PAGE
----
There were a lot of ducks in these feeder creeks; as I approached, these flighty creatures rose up and flew away, sometimes in groups of five or six, to avoid my kayak.  I found it impossible to capture them on camera because of their rapid response to my presence.

As is my custom, I followed the creeks as far as possible into the wetlands.  On the first entry along this waterway, I came to a point where it seemed as though I was in a pasture in the presence of many cows.   Rather that spook the cattle, I just turned around and proceeded to the second creek entrance.

This path led me past a large home build on a bluff over Battle Creek and into a rather long waterway that twisted itself along the contours of a hilly landscape.  This waterway was increasingly narrow but deep.  Even as the waterway grew so narrow that I wondered if I could turn around, the water remained 4-6 feet deep.

I continued deep into the wetlands and was not too concerned as the waterway narrowed to just two or three feet.  The kayak moved easily along this course up to a point where I could just not proceed further.  By that point, I knew that I would have to back downstream; there was no room to turn around.  But, I found that I could not negotiate the curving course of the waterway backwards.  I had to heave myself out of the kayak, drag it up on top of the bank, and turn it around for the return trip.

It is not easy to get out of a kayak with relatively high banks and a deep waterway. This sort of maneuver can easily lead to a spill; while not likely to be dangerous, it a way to ruin my camera and fall into the deep slit of a waterway. In any event, I made it okay and began the return trip.

The wind had continued to increase out of the south.  This meant that I would have to fight the waves as I returned across their march north.  For the first mile, there was a shelterbelt of tall evergreens and a reasonably high bank on the lee side.  I could cruise back east while looking at the whitecaps on the lake off to my left.  This uneventful passage continued until I passed under the bridge again and hit the main body of the lake.  The wave action had become heavy and I had no alternative than to paddle across building waves on my way to the launching area on the north side.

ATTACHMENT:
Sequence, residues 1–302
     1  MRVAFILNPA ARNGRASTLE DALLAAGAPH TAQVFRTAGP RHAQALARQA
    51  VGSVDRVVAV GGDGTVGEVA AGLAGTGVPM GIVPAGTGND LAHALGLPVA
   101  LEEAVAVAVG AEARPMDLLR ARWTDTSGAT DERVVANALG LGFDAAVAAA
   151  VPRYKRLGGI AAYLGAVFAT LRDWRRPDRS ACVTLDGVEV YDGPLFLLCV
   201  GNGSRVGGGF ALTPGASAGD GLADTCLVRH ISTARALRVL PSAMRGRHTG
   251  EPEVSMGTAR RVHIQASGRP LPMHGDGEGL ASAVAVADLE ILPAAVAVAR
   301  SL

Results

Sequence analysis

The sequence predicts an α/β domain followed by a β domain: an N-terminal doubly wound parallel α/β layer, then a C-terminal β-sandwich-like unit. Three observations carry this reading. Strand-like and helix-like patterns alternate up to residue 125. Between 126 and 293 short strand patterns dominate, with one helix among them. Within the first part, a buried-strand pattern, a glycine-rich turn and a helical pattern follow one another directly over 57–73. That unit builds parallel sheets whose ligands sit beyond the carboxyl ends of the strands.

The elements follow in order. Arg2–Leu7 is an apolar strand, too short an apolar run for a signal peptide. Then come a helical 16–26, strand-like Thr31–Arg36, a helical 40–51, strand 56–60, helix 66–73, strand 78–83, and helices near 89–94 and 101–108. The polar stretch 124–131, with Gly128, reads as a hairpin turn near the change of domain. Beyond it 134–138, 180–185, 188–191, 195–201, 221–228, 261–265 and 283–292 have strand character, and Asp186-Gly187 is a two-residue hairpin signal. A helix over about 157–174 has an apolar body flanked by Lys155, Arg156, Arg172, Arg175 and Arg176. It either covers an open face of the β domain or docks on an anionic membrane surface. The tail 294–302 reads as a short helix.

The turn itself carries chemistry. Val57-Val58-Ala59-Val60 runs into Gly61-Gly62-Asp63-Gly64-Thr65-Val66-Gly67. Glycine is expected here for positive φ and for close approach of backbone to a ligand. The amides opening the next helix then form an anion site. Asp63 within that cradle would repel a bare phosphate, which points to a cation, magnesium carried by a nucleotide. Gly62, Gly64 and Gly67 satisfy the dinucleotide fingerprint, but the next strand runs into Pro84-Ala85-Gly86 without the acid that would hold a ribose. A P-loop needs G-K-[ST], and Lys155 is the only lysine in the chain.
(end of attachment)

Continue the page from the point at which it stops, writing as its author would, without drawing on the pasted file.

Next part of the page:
I had some anxiety as I hit these whitecap waves that were coming broadside to me.  My response was to keep close to the bank and maneuver the kayak so that I could keep out of the trough of the waves.  The bow was buried in oncoming waves and spray blew back into my face and soaked my clothing.  A sprayskirt would have been nice, but I don’t have one. Taking photos of the wave conditions did not seem like a great idea to me at the time.

Still, I made it back okay after being out on the water for about two hours.  The west end of Lake Vermillion is much more interesting than just proceeding up the main body of the lake.  I like exploring the flow of the Vermillion River as it transitions into the lake, but that requires a long paddle north – too far for me anymore.  Although there must certainly be fishing boats that venture up the western end of the lake, I have never come across one.

For other narratives describing past cruises on Lake Vermillion, please check the inventory of area waterways on the left side of the blog.  To access the full set of photographs of this cruise, please access my Flickr set inventory at the following URL:

1 comment:

Ashley said...

Your blog is officially my best find this month -- I'm spending my first summer in the Sioux Falls area since I acquired my kayak and I've been looking for good spots to paddle. Thanks! I'll be back!